Be the Authority! 5 Tips for Improving Engagement and Learning
Ownership of learning is an important part of engagement. Students who take ownership and pride in their learning will be more engaged in the process and walk away from their work having learned more. I try to impress upon my high school psychology students that anyone who visits our class (administrators) should be able to learn something from listening to them (students). The students believe that this is a possibility since the psychology classes I teach are electives rather than courses that everyone takes by default. I want the students to take pride in their work and approach the content as if they are the authorities on the topic because they are as far as our class is concerned. I have had discussions with some teachers who debate whether teaching should focus on content or skills. Why can’t we focus on both? If students are truly invested in their learning, then they can make tremendous gains in both content and skills. Learn the content while building the skills. Some thoughts that can guide this process:
- Take pride in your work: Students do not have to think they are experts. They do need to think that they are capable of being experts. Self-efficacy is an important part of academic success. Encourage them to take their learning to the next level and teach them the skill sets to do so.
- Walk the walk: I impress this on my methods students at the university level. They tend to start their sample lessons by requesting that the class bear with them during their presentation. Nobody wants to hear that they are about to be bored and have their time wasted. Be enthusiastic about your class, teaching, and subject! Take pride in what you are doing! Be excited! Use exclamation points!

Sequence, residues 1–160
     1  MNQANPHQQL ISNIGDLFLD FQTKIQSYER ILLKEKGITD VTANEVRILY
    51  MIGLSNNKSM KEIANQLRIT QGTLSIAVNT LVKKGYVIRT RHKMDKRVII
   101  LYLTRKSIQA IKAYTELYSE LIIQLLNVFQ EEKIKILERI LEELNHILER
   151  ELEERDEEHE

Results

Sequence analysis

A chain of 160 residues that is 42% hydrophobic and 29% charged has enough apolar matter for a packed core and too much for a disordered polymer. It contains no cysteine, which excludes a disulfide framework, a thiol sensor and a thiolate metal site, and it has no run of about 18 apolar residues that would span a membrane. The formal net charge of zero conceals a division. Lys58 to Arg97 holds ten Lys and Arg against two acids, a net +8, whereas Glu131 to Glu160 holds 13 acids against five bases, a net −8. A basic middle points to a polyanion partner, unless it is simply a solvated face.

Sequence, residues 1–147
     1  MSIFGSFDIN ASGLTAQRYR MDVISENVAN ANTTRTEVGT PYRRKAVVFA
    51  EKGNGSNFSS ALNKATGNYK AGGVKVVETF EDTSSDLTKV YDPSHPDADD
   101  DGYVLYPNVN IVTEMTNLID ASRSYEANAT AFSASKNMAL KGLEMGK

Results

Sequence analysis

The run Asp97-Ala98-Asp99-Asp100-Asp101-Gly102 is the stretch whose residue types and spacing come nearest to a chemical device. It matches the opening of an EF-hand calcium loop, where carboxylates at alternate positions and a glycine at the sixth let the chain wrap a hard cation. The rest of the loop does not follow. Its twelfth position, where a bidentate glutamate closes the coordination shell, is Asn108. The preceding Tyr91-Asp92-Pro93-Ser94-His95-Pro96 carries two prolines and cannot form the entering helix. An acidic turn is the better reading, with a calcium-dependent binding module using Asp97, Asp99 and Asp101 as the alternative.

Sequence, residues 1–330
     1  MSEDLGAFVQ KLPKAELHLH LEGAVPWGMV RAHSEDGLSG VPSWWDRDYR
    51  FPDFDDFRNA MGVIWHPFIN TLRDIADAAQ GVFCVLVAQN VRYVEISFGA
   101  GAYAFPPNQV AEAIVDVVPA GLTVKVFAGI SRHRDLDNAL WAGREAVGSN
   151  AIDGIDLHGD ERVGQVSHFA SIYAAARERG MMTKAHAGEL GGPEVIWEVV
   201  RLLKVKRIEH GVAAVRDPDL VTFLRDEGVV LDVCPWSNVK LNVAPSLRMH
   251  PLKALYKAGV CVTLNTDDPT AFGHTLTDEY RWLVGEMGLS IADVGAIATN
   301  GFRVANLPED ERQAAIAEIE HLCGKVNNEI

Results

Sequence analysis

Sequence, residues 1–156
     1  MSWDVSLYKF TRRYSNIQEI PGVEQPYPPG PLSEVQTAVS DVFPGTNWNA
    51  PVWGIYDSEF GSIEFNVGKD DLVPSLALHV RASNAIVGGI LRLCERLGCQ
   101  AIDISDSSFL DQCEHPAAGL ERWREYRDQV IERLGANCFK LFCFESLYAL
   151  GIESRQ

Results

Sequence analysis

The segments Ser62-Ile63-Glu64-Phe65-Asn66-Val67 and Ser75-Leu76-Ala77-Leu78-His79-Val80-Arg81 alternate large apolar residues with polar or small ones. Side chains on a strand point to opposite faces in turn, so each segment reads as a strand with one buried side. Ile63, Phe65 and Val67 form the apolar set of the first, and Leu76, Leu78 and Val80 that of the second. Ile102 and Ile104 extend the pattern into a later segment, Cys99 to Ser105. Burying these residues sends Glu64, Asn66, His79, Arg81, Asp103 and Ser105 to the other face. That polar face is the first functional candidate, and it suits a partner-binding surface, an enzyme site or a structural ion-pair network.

- Be human: Don’t pretend to know something when you don’t. It is dishonest, and you can get caught at it. It is also an opportunity to model the inquiry process. Figure out the answer as a group.
- Be willing to learn: This one builds on the last item and the thought that some teachers can be intimidated by new technologies. If we never encountered anything unfamiliar to us, then we wouldn’t learn anything new. Let the students teach you also. Use your strengths. Address your weaknesses.
- Experiment (thoughtfully): Ok, lets keep building here. Try new things out and take risks. That does not mean you need to be a juggernaut of educational technology experimentation though. Glitches will happen in your teaching with or without technology, but approaching new things in a thoughtful and educated manner will help the process go smoothly.
Do you have any steps or tips to add? I would love to hear them in the comments below. Also, please be sure to like me on Facebook or follow on Twitter so you can see future blogs and other great edtech resources I share.